What’s Happening to 1031 Deferred Exchanges?

A safe harbor alternative to defer income taxes on the sale of a property has been a 1031 deferred exchange. The 1031 deferred exchange has been an excellent way to defer income taxes upon the sale of a property. This form of transaction has been in favor of short or long-term holdings in commercial real estate.

How are 1031 Deferred Exchanges Affecting the Market?

The marketplace for 1031 deferred exchanges has been greatly impacted by Federal Government raising interest rates. The increase in interest rates on home mortgages has increased almost 100% from 3 months ago. Conversely, investors are fleeing the vulnerable stock market for safer investments such as quality triple-net real estate. These so-called pre-packaged commercial triple net real estate investments provide security by having stable returns on long-term leases with little or no maintenance required by the buyer, 

The increase in interest rates and the flight from the stock market, an investor is looking for a safe return in real estate, has caused the triple net leased the real estate to pay smaller returns. The CAP rates (actual return to the investor) have been compressed and show much smaller returns than the first quarter of 2022. In some cases, the cap rates have been reduced from 7% to 5% and even less in certain circumstances. 

In addition, when “all of the sale funds” coming out of exchange cannot be placed in the exchange property, the investor is confronted with paying income taxes on monies that could not be placed (boot).

How are 1031 Deferred Exchanges Affecting Investors?

Another issue that comes up is when the investor sells the first leg of his investment, which a loan may encumber, the investor must make sure that it obtains a new loan for the same amount or more for the new property. 

All partners of the initial investment must be in favor of the exchange or will not qualify under the IRS rules of the exchange (exception if the partnership is in the form of a “tenant in common”). When you have partners in your real estate investment and considering a 1031 exchange, the managing partner must make sure all partners are in favor of moving forward with the new acquisition. If a portion of the investors wants to cash out of the initial investment before the acquisition of the new property, it poses a significant problem.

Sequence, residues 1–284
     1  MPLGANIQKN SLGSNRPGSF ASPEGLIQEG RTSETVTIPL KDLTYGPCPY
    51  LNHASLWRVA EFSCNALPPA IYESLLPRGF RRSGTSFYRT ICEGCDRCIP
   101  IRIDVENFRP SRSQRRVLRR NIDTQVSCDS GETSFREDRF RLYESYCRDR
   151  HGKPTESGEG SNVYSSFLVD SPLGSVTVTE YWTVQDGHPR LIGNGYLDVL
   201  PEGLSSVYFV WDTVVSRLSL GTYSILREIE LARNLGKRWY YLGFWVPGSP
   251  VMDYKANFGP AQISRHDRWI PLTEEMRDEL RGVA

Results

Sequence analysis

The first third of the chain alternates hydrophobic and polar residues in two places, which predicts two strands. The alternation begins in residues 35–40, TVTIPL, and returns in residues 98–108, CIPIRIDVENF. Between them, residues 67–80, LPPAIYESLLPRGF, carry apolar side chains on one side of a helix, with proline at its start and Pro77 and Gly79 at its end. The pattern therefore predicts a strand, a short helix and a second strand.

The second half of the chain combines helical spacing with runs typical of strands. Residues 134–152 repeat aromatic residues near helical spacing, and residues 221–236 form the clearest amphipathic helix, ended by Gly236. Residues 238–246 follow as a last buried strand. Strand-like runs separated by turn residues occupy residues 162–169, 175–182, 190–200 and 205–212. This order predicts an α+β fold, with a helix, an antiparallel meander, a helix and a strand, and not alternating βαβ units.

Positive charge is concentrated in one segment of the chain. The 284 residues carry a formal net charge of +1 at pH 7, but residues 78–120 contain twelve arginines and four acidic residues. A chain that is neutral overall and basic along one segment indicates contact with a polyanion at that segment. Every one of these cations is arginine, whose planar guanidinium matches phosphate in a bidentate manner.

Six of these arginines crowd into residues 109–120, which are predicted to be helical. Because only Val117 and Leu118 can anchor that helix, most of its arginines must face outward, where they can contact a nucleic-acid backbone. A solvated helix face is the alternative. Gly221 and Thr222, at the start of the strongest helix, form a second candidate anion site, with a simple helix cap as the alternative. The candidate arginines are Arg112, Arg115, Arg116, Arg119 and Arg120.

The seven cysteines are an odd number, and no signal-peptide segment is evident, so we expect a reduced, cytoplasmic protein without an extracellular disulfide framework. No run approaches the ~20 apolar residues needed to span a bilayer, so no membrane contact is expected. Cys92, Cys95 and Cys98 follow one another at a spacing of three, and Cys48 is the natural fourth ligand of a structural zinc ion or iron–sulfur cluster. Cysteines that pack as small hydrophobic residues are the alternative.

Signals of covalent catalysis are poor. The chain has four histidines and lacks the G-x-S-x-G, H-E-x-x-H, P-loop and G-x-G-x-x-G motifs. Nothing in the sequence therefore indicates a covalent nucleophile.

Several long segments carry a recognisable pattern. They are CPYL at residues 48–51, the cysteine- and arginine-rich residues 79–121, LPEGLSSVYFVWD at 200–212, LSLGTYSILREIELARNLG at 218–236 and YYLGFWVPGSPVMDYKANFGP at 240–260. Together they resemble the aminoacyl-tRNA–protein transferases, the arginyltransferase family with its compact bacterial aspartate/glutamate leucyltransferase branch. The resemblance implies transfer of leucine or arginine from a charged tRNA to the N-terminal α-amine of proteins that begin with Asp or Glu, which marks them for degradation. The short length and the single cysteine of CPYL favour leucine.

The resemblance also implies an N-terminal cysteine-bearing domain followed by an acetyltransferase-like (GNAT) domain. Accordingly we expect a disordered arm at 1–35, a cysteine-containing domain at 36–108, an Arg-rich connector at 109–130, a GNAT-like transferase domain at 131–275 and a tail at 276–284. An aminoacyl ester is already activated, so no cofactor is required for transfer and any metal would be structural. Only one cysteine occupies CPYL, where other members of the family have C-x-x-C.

Since all partners must be in favor of the exchange, what happens if one or two of the existing partners just want to cash out at the sale of the initial property and not be a part of the exchange? Therefore, in this case, other partners or a single partner must buy out the interest of those wishing to exit the partnership. This buyout must be completed prior to the entrance of the exchange. The buyout of the partner becomes complicated by determining the value of their interest in the property. Does the exiting partner receive a diminished value for selling their interest, or does the exiting partner get rewarded by selling their interest? The valuation of the selling partner may become a need for a settlement by means of formal negotiation.

What to Do If a 1031 Deferred Exchange is Affecting You

It is critical that experienced legal counsel should be obtained in addition to an accountant and the services of a qualified intermediary. 

Lee Segal, a senior commercial real estate expert, may assist you in navigating the pitfalls or advantages of a 1031 exchange or partnership issues.

Disclaimer: The content provided in this blog is intended for informational and educational purposes only. Nothing in this blog should be construed as legal advice or be used as a substitute for professional advice. The opinions expressed herein are solely those of the author and do not represent the views or opinions of any organization or entity that the author may be affiliated with. In no event shall the author be held liable for any actions taken based on the information provided. Any use of this blog in a court of law or in legal proceedings is expressly disallowed.

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